How quickly we forget the lessons we suffered so long to learn.
Though I have never been so lucky as to boast a collection of porcelain figurines with sad, tear-drop eyes, I do have a collection of precious moments, made all the preciouser when I take time to notice that I’m in the midst of one such moment. I thought this a lot when we were in France last summer, wanting to suck up every minute, not losing a beat, not shutting my eyes to any experience–even walking down the street.
It’s funny, though, the other times that strike me as precious in retrospect usually aren’t exceptional in the moment. Taking an early morning run on Duke’s West campus, walking down Morningside Drive to the place I housesat in Edinburgh, or stopping in at my favorite frozen yogurt store in St. Louis–these mostly mundane experiences are so sweet when I reflect on them now.
This evening I remembered that I’m in the middle of another such moment–this sacred time in the mountains, walking to yoga camp and back to the grocery store, hot, sticky days and cold showers to calm down for bed. Surely I’ll look back on these days with the same affection and warmth that other exceptional adventures have afforded me.
What’s even more important to realize, though, is that every moment has the capacity to be a precious moment. It doesn’t have to be a far-flung locale, a grand adventure, or any thing out of the “ordinary.” Every moment, if we approach each one with awe and expectation, can surprise, delight, challenge, and transform us–if we allow it and are open to the change we’ll undergo.
I’m reminded of the bit of the book, Screwtape Letters: the present moment is the point at which humans touch eternity. There is great possibility in meeting God, in experiencing growth, in celebrating something precious every single moment, if only we will hold and recognize each moment’s precious offering.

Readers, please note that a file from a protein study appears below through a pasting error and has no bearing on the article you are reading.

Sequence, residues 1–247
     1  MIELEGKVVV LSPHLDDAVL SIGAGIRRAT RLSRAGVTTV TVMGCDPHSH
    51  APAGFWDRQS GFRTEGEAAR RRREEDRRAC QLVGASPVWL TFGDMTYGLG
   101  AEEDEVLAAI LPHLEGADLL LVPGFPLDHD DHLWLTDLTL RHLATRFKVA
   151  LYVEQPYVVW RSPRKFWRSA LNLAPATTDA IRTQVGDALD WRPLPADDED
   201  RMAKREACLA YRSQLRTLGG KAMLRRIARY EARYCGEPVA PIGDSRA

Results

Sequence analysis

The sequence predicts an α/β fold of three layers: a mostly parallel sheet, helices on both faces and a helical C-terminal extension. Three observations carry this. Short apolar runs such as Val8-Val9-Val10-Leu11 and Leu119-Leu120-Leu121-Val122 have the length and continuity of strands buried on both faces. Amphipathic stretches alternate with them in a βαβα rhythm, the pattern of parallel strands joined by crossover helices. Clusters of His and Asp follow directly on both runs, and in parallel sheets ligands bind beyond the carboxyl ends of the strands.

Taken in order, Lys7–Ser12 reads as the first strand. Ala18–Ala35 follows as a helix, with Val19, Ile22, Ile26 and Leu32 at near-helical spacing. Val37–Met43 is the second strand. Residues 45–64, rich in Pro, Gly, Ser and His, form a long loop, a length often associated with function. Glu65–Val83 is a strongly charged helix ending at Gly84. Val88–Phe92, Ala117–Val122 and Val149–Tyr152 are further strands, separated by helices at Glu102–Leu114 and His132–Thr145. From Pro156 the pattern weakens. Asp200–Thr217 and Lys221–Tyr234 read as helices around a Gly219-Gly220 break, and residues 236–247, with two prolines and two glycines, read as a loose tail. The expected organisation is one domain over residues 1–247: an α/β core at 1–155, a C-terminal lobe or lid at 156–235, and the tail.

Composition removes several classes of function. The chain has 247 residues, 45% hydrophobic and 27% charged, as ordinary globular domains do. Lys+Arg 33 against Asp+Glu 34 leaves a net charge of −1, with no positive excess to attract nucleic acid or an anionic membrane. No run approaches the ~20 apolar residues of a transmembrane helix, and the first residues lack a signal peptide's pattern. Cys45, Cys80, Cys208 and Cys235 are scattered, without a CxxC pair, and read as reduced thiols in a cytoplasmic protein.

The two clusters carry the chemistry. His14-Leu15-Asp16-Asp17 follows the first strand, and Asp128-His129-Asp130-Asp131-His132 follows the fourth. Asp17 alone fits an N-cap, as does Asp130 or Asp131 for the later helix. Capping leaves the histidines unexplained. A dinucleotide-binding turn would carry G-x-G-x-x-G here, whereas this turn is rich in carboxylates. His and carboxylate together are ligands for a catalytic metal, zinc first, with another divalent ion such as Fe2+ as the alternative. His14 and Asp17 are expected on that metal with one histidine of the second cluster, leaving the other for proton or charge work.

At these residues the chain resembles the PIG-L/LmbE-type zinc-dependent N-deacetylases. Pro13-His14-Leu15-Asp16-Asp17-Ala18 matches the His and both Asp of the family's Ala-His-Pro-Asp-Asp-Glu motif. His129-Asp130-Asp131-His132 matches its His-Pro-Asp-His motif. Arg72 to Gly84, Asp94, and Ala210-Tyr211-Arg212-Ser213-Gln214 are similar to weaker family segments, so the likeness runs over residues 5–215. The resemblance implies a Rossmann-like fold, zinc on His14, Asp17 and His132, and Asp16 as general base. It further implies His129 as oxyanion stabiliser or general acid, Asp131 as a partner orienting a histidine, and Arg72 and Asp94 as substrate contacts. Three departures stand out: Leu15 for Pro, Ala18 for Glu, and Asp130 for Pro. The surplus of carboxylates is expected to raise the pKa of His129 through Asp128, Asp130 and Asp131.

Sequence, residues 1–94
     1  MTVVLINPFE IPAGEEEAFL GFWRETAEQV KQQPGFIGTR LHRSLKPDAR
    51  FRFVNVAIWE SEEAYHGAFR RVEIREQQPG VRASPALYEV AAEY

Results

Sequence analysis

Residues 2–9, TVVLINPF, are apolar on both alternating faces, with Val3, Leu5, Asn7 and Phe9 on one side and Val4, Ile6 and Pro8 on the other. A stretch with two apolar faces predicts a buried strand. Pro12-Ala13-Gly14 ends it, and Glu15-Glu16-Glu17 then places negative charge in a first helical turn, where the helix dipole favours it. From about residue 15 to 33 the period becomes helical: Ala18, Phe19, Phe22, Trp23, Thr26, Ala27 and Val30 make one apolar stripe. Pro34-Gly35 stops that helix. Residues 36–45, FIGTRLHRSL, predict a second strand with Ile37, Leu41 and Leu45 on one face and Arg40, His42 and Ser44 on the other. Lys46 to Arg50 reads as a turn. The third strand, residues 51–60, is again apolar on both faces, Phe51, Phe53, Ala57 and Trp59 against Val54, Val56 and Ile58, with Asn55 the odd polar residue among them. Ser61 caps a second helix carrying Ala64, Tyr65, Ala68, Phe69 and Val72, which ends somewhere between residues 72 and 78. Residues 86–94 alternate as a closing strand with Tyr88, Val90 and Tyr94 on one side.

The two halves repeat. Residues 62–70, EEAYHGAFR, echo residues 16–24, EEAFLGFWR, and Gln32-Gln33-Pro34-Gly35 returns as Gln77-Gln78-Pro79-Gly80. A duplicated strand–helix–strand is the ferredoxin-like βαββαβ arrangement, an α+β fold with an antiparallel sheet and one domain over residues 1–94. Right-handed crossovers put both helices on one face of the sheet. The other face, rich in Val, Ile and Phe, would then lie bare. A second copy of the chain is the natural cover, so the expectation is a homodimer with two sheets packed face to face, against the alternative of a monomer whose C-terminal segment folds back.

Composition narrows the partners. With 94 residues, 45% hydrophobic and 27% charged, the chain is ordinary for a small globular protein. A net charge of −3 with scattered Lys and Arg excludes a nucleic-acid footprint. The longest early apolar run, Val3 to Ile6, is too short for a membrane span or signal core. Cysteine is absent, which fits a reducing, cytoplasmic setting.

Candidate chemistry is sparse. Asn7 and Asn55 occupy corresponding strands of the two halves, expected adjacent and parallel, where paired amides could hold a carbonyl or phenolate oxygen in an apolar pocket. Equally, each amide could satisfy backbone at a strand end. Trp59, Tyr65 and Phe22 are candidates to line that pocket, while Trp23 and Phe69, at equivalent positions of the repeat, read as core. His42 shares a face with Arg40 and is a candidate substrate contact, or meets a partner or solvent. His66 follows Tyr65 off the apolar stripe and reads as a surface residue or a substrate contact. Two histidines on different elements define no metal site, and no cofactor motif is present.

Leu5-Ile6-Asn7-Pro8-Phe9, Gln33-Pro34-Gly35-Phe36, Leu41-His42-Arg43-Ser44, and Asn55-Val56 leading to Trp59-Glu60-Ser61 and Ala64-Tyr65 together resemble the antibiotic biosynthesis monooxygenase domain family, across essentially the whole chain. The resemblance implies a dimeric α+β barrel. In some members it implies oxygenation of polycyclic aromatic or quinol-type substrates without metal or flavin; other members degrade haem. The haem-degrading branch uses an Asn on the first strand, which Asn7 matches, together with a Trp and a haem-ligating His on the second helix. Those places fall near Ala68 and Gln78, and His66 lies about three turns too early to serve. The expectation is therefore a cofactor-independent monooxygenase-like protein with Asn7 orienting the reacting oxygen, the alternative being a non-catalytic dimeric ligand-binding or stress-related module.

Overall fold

Six years ago, I visited Barcelona with my family in the summer, just before I started divinity school. I’d just started to admit to people–sometimes for the shock value–that I was headed toward the priesthood. When we went to the Picasso museum there, I was completely captured by this sketch Pablo made early in his career. A postcard depiction has been on my desk ever since. That morning, still jet lagged, I saw Jesus in this man.
Having spent time with homeless men in Durham over the last year, I’d started to meet Jesus again in them. God has many facets, some of them are manifest in the homeless, in the hungry, in the crazy. My prayer is to be softhearted enough to recognize God’s presence in the forgotten people I encounter every day.
1. Newly recovered vintage chair cushions; took 4 hours, cost $6. Feeling of accomplishment? Priceless. Continue reading